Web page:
Nowadays, crypto traders and enthusiasts have a wide array of choices when it comes to how they want to store their digital assets and crypto coins. Be that as it may, it’s an agreed-upon fact that the safest choice of storing cryptocurrencies is represented by the hardware wallets.
Hardware wallets are created in such a way that they are basically immune to computer viruses. In addition, your private key information will never be exposed to the working system. Most hardware wallets also boast good encryption technology and support for dozens of cryptocurrencies.
For a while, traders and crypto enthusiasts looking to securely store their digital assets on a hardware wallet had only one choice: Trezor. Trezor is the first hardware wallet to have entered the market (in 2014), and despite its somewhat early “lead,” it lost some market dominance to its other two competitors: the Ledger Nano S, and the KeepKey.
Today, the three are regarded as the go-to options for any crypto trader that’s hell-bent on security and privacy. In this article, we are going to cover various aspects and compare the three to help you determine which one is best for you.
We’ll start with pricing since this is one of the most important factors when buying anything hardware wallets included. The Ledger Nano S is the cheapest of the three, at only $79,99. The Trezor and KeepKey are not a lot more expensive, as you can have the first one at $129 and the second at $149.
Looks and screen
Even though Trezor is the original hardware wallet between the three, it doesn’t lose much regarding design over its counterparts. It’s a bit bulkier than both Ledger Nano S and KeepKey, which might not be a bad thing since it can be operated very easily even by users with bulkier fingers.
The Ledger Nano S looks very much like a typical USB flash drive, and it has the smallest screen of the three, being as well the most compact of the three once its protective cover is “folded.” While Trezor has a bigger screen than Ledger Nano S, it’s no match for the big screen found on KeepKey. Without a doubt, KeepKey is the most fashionable wallet of the three with a body of aluminum as opposed to plastic used by the other two.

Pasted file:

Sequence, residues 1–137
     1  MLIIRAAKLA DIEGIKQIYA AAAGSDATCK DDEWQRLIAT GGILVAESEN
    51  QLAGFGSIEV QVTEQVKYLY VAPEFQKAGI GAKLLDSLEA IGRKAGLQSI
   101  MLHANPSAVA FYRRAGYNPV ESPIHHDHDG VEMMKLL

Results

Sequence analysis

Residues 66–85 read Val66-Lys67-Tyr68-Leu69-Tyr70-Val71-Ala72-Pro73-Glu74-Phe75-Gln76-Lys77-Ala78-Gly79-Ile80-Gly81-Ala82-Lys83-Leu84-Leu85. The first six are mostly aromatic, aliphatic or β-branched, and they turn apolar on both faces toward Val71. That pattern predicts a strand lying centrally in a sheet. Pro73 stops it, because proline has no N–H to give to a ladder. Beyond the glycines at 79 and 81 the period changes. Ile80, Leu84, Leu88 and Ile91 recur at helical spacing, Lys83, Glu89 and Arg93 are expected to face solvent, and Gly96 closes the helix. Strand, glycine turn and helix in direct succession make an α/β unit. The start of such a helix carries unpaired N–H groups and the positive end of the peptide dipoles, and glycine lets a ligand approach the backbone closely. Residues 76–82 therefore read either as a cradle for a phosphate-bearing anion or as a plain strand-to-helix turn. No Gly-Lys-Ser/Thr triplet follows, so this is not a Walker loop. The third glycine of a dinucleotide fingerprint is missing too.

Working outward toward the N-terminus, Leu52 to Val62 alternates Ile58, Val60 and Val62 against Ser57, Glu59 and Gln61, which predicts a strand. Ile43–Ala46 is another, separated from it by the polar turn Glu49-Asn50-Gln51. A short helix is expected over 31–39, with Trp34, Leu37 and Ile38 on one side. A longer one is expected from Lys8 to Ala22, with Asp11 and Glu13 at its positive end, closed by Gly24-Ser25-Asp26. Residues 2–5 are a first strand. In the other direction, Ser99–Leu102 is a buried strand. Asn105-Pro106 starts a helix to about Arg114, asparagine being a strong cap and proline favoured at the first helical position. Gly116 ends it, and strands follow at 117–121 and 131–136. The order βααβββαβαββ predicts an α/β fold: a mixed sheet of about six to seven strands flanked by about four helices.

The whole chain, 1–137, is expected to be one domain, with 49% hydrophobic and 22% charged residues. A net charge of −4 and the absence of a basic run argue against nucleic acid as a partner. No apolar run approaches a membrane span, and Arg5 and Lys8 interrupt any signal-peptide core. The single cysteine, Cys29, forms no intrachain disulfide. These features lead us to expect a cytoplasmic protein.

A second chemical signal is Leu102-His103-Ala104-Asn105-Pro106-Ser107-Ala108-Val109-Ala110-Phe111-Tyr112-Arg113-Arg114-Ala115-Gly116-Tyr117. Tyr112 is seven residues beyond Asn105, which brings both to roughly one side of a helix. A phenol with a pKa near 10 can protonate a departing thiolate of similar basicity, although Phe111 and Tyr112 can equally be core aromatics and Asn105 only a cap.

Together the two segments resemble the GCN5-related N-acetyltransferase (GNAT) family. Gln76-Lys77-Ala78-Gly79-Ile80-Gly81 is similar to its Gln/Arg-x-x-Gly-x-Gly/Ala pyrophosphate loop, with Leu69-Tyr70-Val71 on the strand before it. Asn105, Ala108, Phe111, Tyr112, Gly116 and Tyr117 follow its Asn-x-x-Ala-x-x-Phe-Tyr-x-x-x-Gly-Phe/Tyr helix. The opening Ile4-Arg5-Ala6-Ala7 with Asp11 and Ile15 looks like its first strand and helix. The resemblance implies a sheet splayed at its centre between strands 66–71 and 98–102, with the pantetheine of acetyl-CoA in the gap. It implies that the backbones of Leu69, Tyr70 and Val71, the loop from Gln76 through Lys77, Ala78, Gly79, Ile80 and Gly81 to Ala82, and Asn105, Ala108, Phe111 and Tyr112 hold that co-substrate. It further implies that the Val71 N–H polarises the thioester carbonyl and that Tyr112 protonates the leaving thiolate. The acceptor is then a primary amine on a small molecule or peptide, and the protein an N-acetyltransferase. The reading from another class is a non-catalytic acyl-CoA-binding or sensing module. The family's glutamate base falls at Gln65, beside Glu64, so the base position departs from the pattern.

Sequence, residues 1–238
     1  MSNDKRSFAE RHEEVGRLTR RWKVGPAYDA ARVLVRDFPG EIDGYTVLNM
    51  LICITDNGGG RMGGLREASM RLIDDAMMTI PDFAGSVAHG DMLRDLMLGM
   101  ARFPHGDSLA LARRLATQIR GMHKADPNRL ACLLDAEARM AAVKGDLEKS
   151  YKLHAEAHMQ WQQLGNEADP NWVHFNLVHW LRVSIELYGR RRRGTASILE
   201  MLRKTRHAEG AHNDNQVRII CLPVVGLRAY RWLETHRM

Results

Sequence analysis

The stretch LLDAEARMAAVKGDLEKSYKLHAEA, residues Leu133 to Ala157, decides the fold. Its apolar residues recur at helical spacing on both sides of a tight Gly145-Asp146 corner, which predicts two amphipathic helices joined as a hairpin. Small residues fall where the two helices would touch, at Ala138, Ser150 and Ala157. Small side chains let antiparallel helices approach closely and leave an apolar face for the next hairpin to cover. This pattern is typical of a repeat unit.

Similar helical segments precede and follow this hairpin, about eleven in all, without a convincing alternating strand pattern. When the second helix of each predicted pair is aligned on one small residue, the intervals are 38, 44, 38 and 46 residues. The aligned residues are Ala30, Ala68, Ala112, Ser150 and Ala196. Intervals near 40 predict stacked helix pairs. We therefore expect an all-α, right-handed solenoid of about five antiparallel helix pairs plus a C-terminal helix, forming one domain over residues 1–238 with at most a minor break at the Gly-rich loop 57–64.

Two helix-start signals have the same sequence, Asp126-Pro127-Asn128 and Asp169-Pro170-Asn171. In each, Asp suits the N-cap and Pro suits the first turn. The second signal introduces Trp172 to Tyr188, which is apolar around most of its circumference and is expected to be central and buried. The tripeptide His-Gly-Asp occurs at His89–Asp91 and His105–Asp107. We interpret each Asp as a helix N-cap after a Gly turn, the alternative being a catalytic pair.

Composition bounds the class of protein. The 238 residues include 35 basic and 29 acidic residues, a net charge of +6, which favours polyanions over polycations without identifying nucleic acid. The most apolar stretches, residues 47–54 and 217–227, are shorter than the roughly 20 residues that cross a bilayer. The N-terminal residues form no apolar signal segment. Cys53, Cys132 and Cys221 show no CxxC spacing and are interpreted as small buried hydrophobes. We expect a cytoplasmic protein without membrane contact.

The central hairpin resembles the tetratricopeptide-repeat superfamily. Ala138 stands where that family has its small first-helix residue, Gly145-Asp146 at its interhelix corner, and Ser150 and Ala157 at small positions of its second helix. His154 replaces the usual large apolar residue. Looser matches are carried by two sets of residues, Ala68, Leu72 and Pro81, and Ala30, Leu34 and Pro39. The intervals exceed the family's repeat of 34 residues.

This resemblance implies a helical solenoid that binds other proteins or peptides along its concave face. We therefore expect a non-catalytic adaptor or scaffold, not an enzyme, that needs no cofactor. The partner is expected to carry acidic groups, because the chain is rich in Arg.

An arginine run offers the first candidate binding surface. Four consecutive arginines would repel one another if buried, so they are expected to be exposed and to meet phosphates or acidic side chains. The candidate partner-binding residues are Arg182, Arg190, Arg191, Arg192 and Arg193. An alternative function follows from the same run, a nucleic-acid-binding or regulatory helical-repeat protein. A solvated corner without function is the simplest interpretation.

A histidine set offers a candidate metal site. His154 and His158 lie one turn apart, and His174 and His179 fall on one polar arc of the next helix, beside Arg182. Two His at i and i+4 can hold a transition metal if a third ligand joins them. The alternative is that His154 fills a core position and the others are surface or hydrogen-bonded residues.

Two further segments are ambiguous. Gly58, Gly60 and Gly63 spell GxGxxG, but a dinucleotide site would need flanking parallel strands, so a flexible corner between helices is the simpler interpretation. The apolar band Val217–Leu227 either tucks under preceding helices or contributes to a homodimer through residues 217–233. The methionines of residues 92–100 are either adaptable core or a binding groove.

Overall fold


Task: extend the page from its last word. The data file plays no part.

As far as supported coins go, the Ledger Nano S is king, while KeepKey has the lowest number of supported coins out of the trio. A list with all the supported assets can be found on the official websites of all three wallets: Ledger Nano S, Trezor, and KeepKey.
In order to use the wallets, users need to connect them to a software of some sort. That said, both Trezor and Ledger Nano S are very good as they both offer computability support for Electrum, Mycelium, MyEtherWallet, Copay, GreenBits, GreenAddress. KeepKey comes last regarding software compatibility.
Needless to say, all three wallets are designed with a strong focus on security in mind. The Ledger Nano S, for example, boasts a dual chip architecture, while the other two use different types of secure elements, not necessarily inferior to that of the first. All three wallets offer their users the option to safely secure and backup their wallets. Even more impressive is the fact that these wallets are designed to be used even on computers infected by malware, at least in theory.
Getting started with all three wallets is quite straightforward and should not take more than a few minutes. To get started, users need a micro USB cable to use all three.
For Trezor, install the Trezor Bridge software or the Trezor Chrome extension (or the Android app Trezor manager, for which users will need an OTG cable). After the software is installed and the device connected computer, users need to replug the device and choose to either create a new wallet or import via a recovery phrase.
Ledger Nano S setup
Setting up the Ledger Nano S wallet is fairly similar. Users need to use the included USB cable to connect the Ledger to a computer and follow the instructions on the screen. There’s also the option to either create a new wallet or important one via a recovery phrase. Next step involves choosing a PIN (it’s important to remember the PIN since getting three wrong consecutive entries will result in a total wipeout of the wallet’s content). Finally, users need to either download the Ledger Wallet Bitcoin Chrome app or the Ledger Wallet Ethereum Chrome app.
Getting the KeepKey wallet ready is even easier since users are required to download the KeepKey client App from the Chrome Web Store, and connect the device to their computers with the included USB cable. From this point forward, it’s just a matter of following the on-screen instruction in order to initialize the device.
Which one is best?
The first thing potential buyers should know is that they can’t go wrong regardless of their choice with these three hardware wallets. For the widest coin support and the smallest size, the Ledger Nano S is definitely the best choice. If, however, potential buyers want something with a bit more premium feel, then the KeepKey is unbeatable with its sleek looks. Trezor is a bit bigger than the Ledger Nano S and has a larger screen so it can prove to be a lot less finicky to use, which might be a big advantage for users who want a wide list of supported coins, but can’t handle the small size of the Ledger Nano S.
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